Definitions

Carranza

Carranza

[kuh-ran-zuh; Sp. kahr-rahn-sah]
Carranza, Venustiano, 1859-1920, Mexican political leader. While senator from Coahuila, he joined (1910) Francisco I. Madero in the revolution against Porfirio Díaz. When President Madero was overthrown (1913) by Victoriano Huerta, Carranza promptly took the field against Huerta. Fighting in the north, he was joined by other insurgents, notably Álvaro Obregón and Francisco Villa; Emiliano Zapata led a peon uprising in the south. Huerta was finally forced to resign and Carranza assumed (Aug., 1914) the executive powers. Villa and Zapata refused to recognize Carranza's authority, however, and plunged the country into another civil war. Carranza, aided by Obregón, emerged supreme by Aug., 1915, although Zapata and Villa continued their rebellions in the south and north. Carranza was pressed by Obregón to accept the Constitution of 1917, which contained potentially radical reform measures that Carranza opposed and subsequently failed to enforce. In 1920, Carranza attempted to prevent Obregón from succeeding him as president, and Obregón revolted. Carranza fled Mexico City, and was ambushed and murdered by a local chieftain in Tlaxcalantongo.

Venustiano Carranza, circa 1910.

(born Dec. 29, 1859, Cuatro Ciénegas, Mex.—died May 20/21, 1920, Tlaxcalantongo) First president of the post-Porfirio Díaz Mexican Republic (1917–20). The son of a landowner, he was active in politics from 1877. In 1910 he joined the struggle of Francisco Madero against Díaz. A moderate and a nationalist, he favoured political but not social reform. Because he did little to implement the far-reaching reforms called for in the constitution of 1917, his presidency was plagued by social unrest and clashes with the more radical leaders Pancho Villa and Emiliano Zapata as well as by serious financial problems. His nationalism led him to oppose U.S. intervention in Mexican affairs, even when he stood to benefit from it. He is held responsible for Zapata's assassination and was himself murdered while fleeing an armed rebellion. Seealso Mexican Revolution.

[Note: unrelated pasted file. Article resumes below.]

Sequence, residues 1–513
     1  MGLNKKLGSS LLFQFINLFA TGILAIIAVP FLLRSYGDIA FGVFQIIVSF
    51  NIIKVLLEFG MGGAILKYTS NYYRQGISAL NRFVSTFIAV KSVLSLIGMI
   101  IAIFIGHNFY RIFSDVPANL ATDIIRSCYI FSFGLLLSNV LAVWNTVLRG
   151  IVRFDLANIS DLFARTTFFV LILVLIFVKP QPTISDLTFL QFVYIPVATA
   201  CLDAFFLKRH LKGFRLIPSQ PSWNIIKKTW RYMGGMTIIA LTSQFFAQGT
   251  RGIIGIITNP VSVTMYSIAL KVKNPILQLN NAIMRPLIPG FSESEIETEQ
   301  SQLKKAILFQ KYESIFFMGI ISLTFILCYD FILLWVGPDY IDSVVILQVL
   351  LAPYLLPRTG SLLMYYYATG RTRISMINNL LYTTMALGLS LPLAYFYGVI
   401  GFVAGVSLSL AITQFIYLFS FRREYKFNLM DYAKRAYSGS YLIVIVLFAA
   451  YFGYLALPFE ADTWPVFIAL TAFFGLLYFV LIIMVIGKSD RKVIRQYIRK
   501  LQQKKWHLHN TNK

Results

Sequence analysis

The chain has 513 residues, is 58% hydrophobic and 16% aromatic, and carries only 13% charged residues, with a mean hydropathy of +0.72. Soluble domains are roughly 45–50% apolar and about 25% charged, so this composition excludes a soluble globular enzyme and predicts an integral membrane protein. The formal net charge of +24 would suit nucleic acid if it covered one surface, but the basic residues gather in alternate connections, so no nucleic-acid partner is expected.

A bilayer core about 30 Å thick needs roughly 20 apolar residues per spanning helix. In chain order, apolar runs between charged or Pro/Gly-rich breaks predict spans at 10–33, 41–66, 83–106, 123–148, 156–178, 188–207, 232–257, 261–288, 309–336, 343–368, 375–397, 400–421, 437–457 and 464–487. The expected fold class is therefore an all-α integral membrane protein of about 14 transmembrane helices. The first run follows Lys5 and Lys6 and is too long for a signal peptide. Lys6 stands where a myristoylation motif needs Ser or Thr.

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Venustiano Carranza, circa 1910.

(born Dec. 29, 1859, Cuatro Ciénegas, Mex.—died May 20/21, 1920, Tlaxcalantongo) First president of the post-Porfirio Díaz Mexican Republic (1917–20). The son of a landowner, he was active in politics from 1877. In 1910 he joined the struggle of Francisco Madero against Díaz. A moderate and a nationalist, he favoured political but not social reform. Because he did little to implement the far-reaching reforms called for in the constitution of 1917, his presidency was plagued by social unrest and clashes with the more radical leaders Pancho Villa and Emiliano Zapata as well as by serious financial problems. His nationalism led him to oppose U.S. intervention in Mexican affairs, even when he stood to benefit from it. He is held responsible for Zapata's assassination and was himself murdered while fleeing an armed rebellion. Seealso Mexican Revolution.

Learn more about Carranza, Venustiano with a free trial on Britannica.com.

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